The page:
Variegated House Plants Are Trending—Here's How to Get the Colorful Look

Hello, polka dot begonias.

Plants—they’re not just green anymore! Variegated houseplants are trending right now for a very good reason. More than just a common way to enhance a room's decor or bring a touch of nature indoors, variegated house plants have multiple colors, making them more interesting than the average green houseplant. 


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From Hilton Carter’s Instagram feed to #variegatedplants having 33.3+ million views on TikTok—plants with veined and variegated leaves aren’t going away any time soon. Have you been thinking about getting a few for yourself? Here are some variegated house plants the experts suggest, along with some helpful hints on how to grow and maintain them. 

Polka Dot Begonia in white pot

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Polka Dot Begonia

Love polka dot dresses or shoes? You’ll love polka dot plants just as much. According to Amy Hovis, co-owner of Barton Springs Nursery, “Begonia maculata variegata (polka dot begonia) looks like a regular begonia but with actual polka dots.” 

Plant them in a polka dot pot or planter and you’re sure to see the fun grow. Best of all, these plants are easy to take care of. “They need low light or dappled light, good drainage, and water about once a week—a good soak of their pot," says Hovis.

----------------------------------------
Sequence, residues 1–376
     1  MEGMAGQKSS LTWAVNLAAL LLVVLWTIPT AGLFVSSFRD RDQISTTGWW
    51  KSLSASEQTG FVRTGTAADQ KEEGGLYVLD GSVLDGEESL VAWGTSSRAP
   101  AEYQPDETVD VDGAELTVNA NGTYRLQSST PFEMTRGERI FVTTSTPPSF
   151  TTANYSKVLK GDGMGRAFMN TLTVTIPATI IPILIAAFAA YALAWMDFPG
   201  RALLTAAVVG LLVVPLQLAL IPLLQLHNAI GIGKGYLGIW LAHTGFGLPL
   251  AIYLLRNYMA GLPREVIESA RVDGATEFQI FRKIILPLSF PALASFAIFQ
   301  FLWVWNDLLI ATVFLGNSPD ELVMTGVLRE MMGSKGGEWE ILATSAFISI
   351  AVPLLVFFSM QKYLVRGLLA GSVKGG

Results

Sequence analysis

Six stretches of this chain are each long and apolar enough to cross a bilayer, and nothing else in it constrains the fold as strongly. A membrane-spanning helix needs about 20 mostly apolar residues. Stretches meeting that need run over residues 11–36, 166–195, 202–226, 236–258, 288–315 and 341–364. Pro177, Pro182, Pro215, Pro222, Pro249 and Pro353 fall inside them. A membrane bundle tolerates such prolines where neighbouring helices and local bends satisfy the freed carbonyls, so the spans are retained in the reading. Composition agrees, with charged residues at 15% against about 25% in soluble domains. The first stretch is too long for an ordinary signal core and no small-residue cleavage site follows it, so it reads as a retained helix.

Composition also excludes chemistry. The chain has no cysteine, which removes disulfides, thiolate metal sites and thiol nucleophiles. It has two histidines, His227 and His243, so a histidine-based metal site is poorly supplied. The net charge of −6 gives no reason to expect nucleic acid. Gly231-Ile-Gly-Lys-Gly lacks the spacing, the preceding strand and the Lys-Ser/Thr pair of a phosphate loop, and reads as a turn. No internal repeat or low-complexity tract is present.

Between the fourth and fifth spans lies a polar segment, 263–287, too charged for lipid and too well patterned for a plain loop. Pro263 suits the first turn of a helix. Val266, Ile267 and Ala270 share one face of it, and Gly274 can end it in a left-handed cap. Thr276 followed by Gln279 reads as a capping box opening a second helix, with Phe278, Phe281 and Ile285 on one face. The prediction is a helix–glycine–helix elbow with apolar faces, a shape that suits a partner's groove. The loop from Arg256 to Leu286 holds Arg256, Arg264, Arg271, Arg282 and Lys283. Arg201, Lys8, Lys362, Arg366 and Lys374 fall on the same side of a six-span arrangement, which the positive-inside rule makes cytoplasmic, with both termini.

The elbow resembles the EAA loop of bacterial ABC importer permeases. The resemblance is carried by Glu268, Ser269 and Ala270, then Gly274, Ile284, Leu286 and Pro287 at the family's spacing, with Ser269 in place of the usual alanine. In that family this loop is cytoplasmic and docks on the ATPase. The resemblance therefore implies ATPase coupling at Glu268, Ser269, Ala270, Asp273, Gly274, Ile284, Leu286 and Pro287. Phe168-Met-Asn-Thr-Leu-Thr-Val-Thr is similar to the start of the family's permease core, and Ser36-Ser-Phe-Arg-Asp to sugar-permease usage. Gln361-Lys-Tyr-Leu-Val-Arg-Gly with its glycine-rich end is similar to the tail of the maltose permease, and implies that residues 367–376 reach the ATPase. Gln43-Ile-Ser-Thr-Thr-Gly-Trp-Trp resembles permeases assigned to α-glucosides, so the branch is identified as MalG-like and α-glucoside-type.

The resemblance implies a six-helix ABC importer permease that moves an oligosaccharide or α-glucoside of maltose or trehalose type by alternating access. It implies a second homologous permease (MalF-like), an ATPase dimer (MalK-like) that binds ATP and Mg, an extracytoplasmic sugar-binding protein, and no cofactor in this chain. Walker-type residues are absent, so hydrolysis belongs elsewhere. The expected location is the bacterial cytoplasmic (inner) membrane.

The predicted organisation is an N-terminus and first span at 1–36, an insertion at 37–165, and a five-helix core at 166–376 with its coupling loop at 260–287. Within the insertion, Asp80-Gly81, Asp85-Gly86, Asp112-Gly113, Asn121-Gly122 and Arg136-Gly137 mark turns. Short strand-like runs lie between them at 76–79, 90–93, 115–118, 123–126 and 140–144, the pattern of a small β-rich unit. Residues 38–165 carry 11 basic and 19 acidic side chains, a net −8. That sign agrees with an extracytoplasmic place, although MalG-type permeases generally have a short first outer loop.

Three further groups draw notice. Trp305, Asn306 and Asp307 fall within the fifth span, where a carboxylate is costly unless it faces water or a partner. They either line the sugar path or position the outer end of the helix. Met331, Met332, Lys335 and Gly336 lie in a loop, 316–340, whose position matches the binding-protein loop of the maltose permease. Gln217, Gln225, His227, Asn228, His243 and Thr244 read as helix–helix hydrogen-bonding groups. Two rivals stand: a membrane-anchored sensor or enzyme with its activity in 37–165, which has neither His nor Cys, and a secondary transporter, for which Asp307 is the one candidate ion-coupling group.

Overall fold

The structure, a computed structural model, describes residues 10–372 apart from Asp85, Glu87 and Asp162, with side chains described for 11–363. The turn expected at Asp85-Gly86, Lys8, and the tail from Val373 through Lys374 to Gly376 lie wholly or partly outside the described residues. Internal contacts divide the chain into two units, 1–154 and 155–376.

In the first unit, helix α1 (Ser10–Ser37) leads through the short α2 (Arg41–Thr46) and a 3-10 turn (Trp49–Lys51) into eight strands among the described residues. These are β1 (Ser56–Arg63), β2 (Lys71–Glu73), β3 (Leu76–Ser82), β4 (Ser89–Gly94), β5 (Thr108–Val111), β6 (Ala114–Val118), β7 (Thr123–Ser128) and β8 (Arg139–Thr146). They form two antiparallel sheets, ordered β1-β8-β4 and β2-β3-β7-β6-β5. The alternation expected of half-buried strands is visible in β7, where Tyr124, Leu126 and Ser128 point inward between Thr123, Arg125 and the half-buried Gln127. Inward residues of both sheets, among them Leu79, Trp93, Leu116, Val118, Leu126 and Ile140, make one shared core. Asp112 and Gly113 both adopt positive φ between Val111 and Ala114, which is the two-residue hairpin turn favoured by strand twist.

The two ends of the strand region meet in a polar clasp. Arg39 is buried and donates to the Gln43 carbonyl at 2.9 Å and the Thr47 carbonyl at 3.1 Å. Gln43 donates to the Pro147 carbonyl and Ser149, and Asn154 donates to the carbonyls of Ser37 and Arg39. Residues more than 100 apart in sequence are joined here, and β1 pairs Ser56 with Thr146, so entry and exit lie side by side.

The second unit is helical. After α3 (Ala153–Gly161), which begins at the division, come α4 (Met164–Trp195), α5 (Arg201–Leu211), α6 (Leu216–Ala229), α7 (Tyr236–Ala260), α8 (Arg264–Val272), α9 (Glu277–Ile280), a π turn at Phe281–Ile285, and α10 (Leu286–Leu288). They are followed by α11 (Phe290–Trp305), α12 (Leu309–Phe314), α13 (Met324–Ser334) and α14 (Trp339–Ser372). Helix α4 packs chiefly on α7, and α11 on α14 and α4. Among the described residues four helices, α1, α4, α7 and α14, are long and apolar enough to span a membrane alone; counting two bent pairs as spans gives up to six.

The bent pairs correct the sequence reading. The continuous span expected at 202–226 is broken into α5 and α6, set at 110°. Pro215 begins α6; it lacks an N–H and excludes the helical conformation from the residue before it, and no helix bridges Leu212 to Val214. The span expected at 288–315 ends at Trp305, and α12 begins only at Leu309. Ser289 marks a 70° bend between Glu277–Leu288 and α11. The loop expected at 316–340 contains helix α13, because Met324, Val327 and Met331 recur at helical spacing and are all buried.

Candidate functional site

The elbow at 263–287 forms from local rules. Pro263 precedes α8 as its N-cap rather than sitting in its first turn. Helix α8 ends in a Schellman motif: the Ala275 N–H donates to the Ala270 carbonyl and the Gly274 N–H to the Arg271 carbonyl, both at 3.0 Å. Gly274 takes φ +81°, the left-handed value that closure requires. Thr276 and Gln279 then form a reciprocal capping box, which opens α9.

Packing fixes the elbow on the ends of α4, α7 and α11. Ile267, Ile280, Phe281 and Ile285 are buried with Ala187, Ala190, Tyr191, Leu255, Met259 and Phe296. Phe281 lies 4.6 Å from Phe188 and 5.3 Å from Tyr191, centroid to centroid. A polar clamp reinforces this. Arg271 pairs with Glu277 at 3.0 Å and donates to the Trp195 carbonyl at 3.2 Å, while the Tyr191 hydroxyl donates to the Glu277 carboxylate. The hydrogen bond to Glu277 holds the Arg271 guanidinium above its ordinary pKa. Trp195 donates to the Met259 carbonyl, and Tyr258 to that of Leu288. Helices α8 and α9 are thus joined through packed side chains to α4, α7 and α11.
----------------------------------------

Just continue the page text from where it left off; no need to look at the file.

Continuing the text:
So, if you live in a cold climate, or perhaps your home isn’t gifted with abundant natural sunlight, these plants with personality could be an excellent choice for you. 

Picasso Peace Lily

Spathiphyllum Picasso or Picasso peace lilies are simply gorgeous. With green and white leaves, these plants look just like famous works of art. But unfortunately, they can be almost as pricy. They also aren't easy to find, but when you do find one, know it won’t be in the clearance section of your local nursery.  

To maintain this plant, Sara Bendrick, professional landscape contractor and national spokesperson for STIHL tells me, “Keep the soil moist." Water this plant regularly, but don't let it get soggy.

She also suggests using bright indirect light for faster growth, but Spathiphyllum Picasso can generally tolerate low light. 

Marble Queen

Another plant that Bendrick recommends is the Epipremnum aureum 'Marble Queen,' calling it one of the easiest and most common house plants. “Adding a variegated variety to the home adds a touch of elegance and the cream/white variations complement many white and bright homes.”

So if your home has a monochromatic or even a farmhouse look, marble queens will likely complement your decor.  

Bendrick tells me bright light is best for this plant, but that direct sunlight should be avoided. “Direct light can burn it if in hot climates, especially the white leaves.”

Monstera Albo

Bendick loves monstera albo because it has beautiful white leaves. Rare and expensive, it's important to understand that these plants also require a bit of maintenance. “Monstera albo prefers moist but well-drained soil. You should let the soil dry between waterings because it is susceptible to root rot.”

Monstera albo also grows best in warm climates between 65 and 80 degrees Fahrenheit, and it does best in bright, indirect sunlight. “Provide a climbing structure like a moss pole to give a substrate to grow on," Bendick says.

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